Alexander Boroda, president of the Federation of Jewish Communities of Russia, said the accusations - tantamount to a conspiracy theory - were plainly aimed at Jews, and risked stirring up hatred. Pictured: Romanov family in Tobolsk

Alexander Boroda, president of the Federation of Jewish Communities of Russia, said the accusations - tantamount to a conspiracy theory - were plainly aimed at Jews, and risked stirring up hatred. Pictured: Romanov family in Tobolsk

Alexander Boroda, president of the Federation of Jewish Communities of Russia, said the accusations – tantamount to a conspiracy theory – were plainly aimed at Jews, and risked stirring up hatred. Pictured: Romanov family in Tobolsk

Top Bolshevik Yakov Sverdlov - who specifically ordered the killing of the last tsar - was also Jewish, say supporters of the theory. Pictured: Romanov family in Tobolsk

Top Bolshevik Yakov Sverdlov - who specifically ordered the killing of the last tsar - was also Jewish, say supporters of the theory. Pictured: Romanov family in Tobolsk

Top Bolshevik Yakov Sverdlov – who specifically ordered the killing of the last tsar – was also Jewish, say supporters of the theory. Pictured: Romanov family in Tobolsk

‘It’s regrettable that it is being advanced again, presenting libelous slander as a theory worthy of an inquiry,’ he said.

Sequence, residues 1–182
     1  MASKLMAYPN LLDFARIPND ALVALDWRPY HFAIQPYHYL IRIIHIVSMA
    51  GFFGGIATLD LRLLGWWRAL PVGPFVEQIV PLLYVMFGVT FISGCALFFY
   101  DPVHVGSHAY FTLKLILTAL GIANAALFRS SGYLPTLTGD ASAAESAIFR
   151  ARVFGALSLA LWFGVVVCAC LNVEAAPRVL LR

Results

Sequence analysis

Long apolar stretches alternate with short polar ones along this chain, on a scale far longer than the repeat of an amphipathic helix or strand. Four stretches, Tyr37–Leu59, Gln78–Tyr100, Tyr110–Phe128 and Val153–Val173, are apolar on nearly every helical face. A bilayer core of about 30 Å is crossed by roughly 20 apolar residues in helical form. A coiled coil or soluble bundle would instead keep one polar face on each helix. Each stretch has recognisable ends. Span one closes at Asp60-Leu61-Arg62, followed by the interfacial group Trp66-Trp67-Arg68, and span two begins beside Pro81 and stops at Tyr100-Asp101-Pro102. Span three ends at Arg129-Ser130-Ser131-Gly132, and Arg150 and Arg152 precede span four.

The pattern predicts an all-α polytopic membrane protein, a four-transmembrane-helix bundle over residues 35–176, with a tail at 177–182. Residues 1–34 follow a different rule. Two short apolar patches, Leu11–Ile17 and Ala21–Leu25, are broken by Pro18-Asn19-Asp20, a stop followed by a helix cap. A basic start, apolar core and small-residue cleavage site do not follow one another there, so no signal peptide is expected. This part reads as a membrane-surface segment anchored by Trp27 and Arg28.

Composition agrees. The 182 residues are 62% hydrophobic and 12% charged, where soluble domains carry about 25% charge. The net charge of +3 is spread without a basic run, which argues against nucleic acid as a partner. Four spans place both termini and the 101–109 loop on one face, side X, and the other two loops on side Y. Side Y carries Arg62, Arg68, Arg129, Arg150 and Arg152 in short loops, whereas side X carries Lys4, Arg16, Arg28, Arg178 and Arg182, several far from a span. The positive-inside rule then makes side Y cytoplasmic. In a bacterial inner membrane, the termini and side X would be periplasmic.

Judaism was the first religion to abolish human sacrifices and does not know the concept of a ‘ritual murder’, he said.

Tikhon is widely seen as Putin’s personal confessor and spiritual adviser.

The ultra-conservative churchman once said: ‘You can believe those rumours if you want, but they certainly are not spread by me.’

The pair were introduced to one another by exiled Russian banker Sergei Pugachev, estranged lover of British socialite and former BBC Horse People presenter, Alexandra Tolstoy.   

Bishop Tikhon demanded that the claims of a ritual killing of the imperial family should be 'substantiated and proven'. Pictured: Nicholas and Alexei in Tobolsk exile

Bishop Tikhon demanded that the claims of a ritual killing of the imperial family should be 'substantiated and proven'. Pictured: Nicholas and Alexei in Tobolsk exile

Bishop Tikhon demanded that the claims of a ritual killing of the imperial family should be ‘substantiated and proven’. Pictured: Nicholas and Alexei in Tobolsk exile

Russia's final emperor: Nicholas II pictured leaning from a train after his resignation

Russia's final emperor: Nicholas II pictured leaning from a train after his resignation

Russia’s final emperor: Nicholas II pictured leaning from a train after his resignation